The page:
Occasionally, we publish blog posts, statements and other commentaries of interest to the Washington business community. Here are excerpts from a transcript of author Daniel H. Pink’s appearance at a recent Greater Washington Board of Trade breakfast to discuss his new book “To Sell is Human: The Surprising Truth About Moving Others.” (Capital Business was a media sponsor of the event.) Board of Trade president and chief executive James C. Dinegar helped guide the conversation.
Dinegar: I’d like to start where you start [in the book], the Fuller Brush Co. and a salesman named Norman Hall, who goes door to door selling household brushes, hair brushes.
Pink: Norman Hall is one of the last Fuller Brush men in America, the last Fuller Brush man in San Francisco. He’s spent the last 40 years going door to door in the business district.
The hard-won wisdom of Norman Hall actually squares very nicely with a lot of what the social science tells us about what is effective in persuading, influencing and convincing other people.
Dinegar: One of those elements is the idea of buoyancy, and he’s got it. He would be turned down and turned down. You call it the “ocean of rejection.”
Pink: Norman called it that. It’s a lovely phrase. Norman said the hardest part of sales is that every day you confront an ocean of rejection. Buoyancy is how do you remain afloat. Social science has given us some really interesting clues that Norman has learned on his own.
Dinegar: He doesn’t hop out of bed and start the day giving himself a pep talk.
Pink: When you go into certain types of encounters, whether it’s a sales call, asking someone out a date, or pitching an idea, the conventional view is that ahead of time we should pump ourselves up. We have our self talk: “You can do this.” “I got this.”
The research shows you are actually better off asking yourself a question. Instead of saying you can do this, you are better off with interrogative self talk, asking, can you do this?
Why? Questions by their very nature are active. If I ask questions, I start to think of answers. Can I do this? Yes, I’ve been in this place before. I’ve done my research. I know the objections, and I’m prepared to address them. I’ve got to remember to make this point. What you do in a more muscular way, is you prepare.
Dinegar: People make the assumption that it is the extroverts who are the best in sales. You turn that on its head.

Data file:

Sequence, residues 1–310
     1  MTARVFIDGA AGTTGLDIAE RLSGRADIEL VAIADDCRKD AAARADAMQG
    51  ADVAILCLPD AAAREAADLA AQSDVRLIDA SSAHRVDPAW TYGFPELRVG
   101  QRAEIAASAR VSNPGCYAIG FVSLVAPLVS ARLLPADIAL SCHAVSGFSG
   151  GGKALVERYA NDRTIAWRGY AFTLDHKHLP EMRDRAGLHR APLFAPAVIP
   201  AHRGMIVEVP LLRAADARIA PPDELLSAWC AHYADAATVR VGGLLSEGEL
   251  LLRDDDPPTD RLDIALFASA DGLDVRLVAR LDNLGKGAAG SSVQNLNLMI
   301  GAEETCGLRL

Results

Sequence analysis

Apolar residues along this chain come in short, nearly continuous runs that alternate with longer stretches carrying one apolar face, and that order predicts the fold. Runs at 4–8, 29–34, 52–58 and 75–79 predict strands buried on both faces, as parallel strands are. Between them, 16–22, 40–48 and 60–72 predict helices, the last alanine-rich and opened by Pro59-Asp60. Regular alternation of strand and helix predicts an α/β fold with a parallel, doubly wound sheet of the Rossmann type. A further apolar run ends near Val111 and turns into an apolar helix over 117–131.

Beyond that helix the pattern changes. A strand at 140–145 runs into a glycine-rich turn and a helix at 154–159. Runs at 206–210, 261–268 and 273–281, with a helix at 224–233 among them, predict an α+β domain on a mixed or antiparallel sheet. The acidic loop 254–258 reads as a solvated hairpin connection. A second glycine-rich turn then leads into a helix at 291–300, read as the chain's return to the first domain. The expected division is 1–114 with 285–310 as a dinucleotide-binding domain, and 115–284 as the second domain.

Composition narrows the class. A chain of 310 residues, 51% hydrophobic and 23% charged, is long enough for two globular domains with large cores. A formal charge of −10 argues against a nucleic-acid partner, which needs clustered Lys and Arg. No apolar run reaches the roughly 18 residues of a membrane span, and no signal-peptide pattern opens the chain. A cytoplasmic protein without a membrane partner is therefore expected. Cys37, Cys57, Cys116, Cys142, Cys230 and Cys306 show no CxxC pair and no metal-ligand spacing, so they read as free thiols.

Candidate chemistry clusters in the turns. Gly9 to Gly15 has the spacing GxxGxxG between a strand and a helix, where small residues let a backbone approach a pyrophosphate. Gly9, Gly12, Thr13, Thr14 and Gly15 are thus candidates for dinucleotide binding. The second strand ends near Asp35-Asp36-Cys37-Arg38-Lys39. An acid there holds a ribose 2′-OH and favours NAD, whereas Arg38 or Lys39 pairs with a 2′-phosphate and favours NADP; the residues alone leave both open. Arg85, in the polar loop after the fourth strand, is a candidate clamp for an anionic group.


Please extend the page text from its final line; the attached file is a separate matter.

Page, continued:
Pink: Adam Grant, [the youngest tenured professor at the Wharton School of the University of Pennsylvania] finished a study this summer. The research shows extroverts are more likely to take sales jobs, extroverts are more likely to get hired, and extroverts are more likely to get promoted. But if you look at the link between extroverts and sales performance, strong extroverts only did a little better than the strong introverts. The classic glad-handing extroverts only did a little bit better than the introverts cowering in the corner.
The people who did best by far — and it is not even close — were the people in the middle.
Why are the extroverts not very good? They don’t listen. They are too pushy. Why are [the introverts] not very good. They don’t assert. They are quiet
The people who in the middle, they have the best of both worlds. They know when to talk. They know when to listen.
They know when to push. They know when to hold back. They are much more attuned. The good news is most people are ambiverts.
Dinegar: You suggest a more human approach is needed these days.
Pink: If you know a lot more than your prospect ... if your prospect doesn’t have many choices, if your prospect has no means to talk back, you can totally take the low road. But that’s not our world. We are basically forced to take high road, and the high road requires a much more fundamental human approach: understand where other people are coming from, be clear, be honest, put the other’s person’s interest first, have an ethic of service. Those things might sound superficially touchy feely but they are actually very hard-headed ways to [sell] effectively.